IN CAMERA! It's all about getting it as best as can be in camera. Post………go ahead and rely on post, if you like that sort of thing.
When shooting something like architecture I don't think getting it right in camera is an absolute requirement (fewer shots, while heavily pp'ing thousands of shots of an event is a pita). You can also use focus stacking to get a large dof while keeping the lens at the sharpest aperture, you're most likely on tripod anyway.
You cannot achieve the same effect that a TS lens can do for you in PP. Depending on the amount of shift there are cases where you can get somewhat close, but a TS lens is the only real solution.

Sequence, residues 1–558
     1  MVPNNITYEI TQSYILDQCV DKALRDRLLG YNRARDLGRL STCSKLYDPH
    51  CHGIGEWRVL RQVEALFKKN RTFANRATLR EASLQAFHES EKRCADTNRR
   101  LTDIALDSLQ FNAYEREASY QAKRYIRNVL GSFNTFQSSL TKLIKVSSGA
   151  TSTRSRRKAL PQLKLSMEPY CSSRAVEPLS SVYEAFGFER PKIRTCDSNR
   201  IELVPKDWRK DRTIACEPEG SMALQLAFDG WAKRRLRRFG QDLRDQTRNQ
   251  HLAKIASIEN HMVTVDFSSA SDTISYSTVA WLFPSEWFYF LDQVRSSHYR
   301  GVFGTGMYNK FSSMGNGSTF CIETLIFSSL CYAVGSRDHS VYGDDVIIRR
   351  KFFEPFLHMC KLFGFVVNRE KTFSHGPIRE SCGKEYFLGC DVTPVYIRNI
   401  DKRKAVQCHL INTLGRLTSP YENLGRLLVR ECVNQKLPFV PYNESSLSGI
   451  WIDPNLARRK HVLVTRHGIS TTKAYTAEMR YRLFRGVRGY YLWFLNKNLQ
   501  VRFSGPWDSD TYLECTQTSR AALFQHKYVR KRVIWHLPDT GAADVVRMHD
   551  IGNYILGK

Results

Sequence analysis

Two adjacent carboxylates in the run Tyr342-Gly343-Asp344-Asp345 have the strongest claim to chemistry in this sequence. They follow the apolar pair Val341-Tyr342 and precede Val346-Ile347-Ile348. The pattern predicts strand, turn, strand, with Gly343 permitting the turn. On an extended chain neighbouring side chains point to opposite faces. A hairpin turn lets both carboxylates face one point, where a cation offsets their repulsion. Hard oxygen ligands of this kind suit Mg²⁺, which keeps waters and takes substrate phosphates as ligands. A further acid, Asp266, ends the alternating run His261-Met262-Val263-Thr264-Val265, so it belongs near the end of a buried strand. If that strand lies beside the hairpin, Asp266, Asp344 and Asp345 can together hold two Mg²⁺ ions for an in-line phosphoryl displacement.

+1 - though recent software like the new dxo viewpoint gives much better results than bare lr and fixes horizontal/vertical lines, but it cannot reproduce the main advantage of a ts-lens: If doing it in software you're massively loosing resolution if correcting more than just a bit - and you need to shoot with much more space to avoid clipped parts (see sample processed from low-res source).
But in my recent, limited experience when shooting for smaller output resolutions and correcting for some angles
software is just fine, even a t/s lens doesn't move your camera so the point of view is often feels a bit unnatural to me.